2017 Fall Anitta Machanickal Temple Japan

My Experience Abroad Gave me Courage (to Visit Another Country, Solo)

My second to last post and I’ve decided it should be about traveling outside Japan. Now as a very much broke college student I decided that I would splurge on only one big trip. I was originally going to go to Kyoto but then I decided let me just be really out there and do a solo trip outside of Japan! I ended up booking a ticket to South Korea. The timing worked out so that my trip would occur during finals week which is why I’m doing the post on trips now.  Some tips to help you out:

Booking a flight.

Comparing prices takes a while. Prepare to give yourself a week to shop around. Also, try to purchase a ticket at least a month in advance. I recommend using Kayak or Expedia. These websites filters are a blessing. Otherwise I would have ended up booking a flight during one of my finals.

Booking a place to stay.

Since it was only a few days I ended up booking a bed at a hostel, which is a cheap way to go. The most important thing is that you feel comfortable. If a hotel would make you comfortable, go for it. If you shop around I’m sure you would be able to find an affordable room to stay in for a couple of nights. Airbnb is another option you can use. Just as a side note for the women out there. If you feel uncomfortable sharing a room with a guy, just be sure to pay attention to what kind of room you’re booking at a hostel. Some rooms are co-ed and some are female only.

Foreign currency exchange.

Look up beforehand what the best method for currency exchange is at the country you are visiting. Every country is a bit different. For the first day, you might as well exchange some money at the airport since everything is unfamiliar and all you want to do is get to your room. The easiest way, especially if you’re only staying for a few days, might be just to withdraw straight from an ATM as soon as you’ve gotten settled. Just remember to find a global ATM.

Call your bank!

This is so important if you plan on withdrawing money while abroad. I almost forgot but thankfully I read a post online that reminded me. I would also look into your phone plan. I was lucky enough to have an international plan that included South Korea.

Planning on what to do.

I did some research before I went to Korea. I did not want to waste too much time looking up place to go. Using Trip Advisor and my friend’s recommendations, I compiled a list of places I wanted to visit. I ordered the list from “must-goes” to “would like to go if I can.” Then, I planned about two to three activities everyday that I absolutely had to do and added one of the “would like to go if I can” at the end. Remember not to make your list too long. There’s no way you can go everywhere and that’s fine. Go to a few places and really absorb the country. An additional note: look up if your preferred navigation app works in the country you’re visiting. I used Google Maps in Japan and it works just fine. However, not so much in South Korea. The transit directions work just fine, but the walking directions were non-existent. Apple Maps worked about 50-50. I would recommend getting used to reading actual street maps. Nothing like going analog.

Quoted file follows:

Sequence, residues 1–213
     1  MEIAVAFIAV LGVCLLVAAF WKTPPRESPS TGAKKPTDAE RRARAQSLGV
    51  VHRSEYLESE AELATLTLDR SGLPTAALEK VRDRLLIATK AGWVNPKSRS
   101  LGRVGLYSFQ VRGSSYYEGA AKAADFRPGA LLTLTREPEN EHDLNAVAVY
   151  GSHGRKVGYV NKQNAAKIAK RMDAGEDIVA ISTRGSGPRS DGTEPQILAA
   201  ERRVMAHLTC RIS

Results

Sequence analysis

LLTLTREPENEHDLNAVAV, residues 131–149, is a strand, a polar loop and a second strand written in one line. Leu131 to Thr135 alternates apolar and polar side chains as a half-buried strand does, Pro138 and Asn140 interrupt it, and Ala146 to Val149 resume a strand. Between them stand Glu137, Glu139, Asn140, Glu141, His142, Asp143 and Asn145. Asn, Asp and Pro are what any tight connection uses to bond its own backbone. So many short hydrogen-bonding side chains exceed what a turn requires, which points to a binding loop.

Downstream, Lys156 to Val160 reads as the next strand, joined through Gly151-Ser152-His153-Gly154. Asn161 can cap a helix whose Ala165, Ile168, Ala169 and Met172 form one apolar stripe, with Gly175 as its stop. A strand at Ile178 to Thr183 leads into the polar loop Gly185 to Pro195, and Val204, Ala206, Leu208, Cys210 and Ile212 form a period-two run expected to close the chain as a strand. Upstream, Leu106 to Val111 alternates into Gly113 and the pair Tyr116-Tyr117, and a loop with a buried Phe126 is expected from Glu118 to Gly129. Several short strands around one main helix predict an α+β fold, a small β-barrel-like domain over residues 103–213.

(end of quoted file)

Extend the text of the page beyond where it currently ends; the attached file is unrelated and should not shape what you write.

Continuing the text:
The language barrier.

Since you’re visiting the country for only a short time and probably only visiting the more tourist-y places, there’s no reason to go in with a semester’s worth of language knowledge. You should at least know how to say, “hello,” “thank you,” “sorry,” “excuse me,” and at least numbers 1-10 (chances are, you won’t need to use the last one but you never know).

Be flexible.

Prepare for plans to fall through, for your timing to get messed up, to get lost. Nothing will go exactly as you expect and that is what makes traveling so fun. Don’t pressure yourself into completing everything on your list because you probably will not.

After reading through the whole, maybe traveling on your own seems scary. And it was. I went to a foreign country all by myself, with no help and barely knowing any Korean. Is it for everyone? I don’t think so. I think everyone, while in Japan, should leave the Tokyo area at least once. Don’t feel pressured by friends and family to travel to another country if you don’t feel up to it. Recognize that just going abroad is a huge accomplishment and will change you in ways that you will carry with you forever.

Selfie with the mascot of N Seoul Tower (nothing wrong with awkward selfies when you’re on your own)

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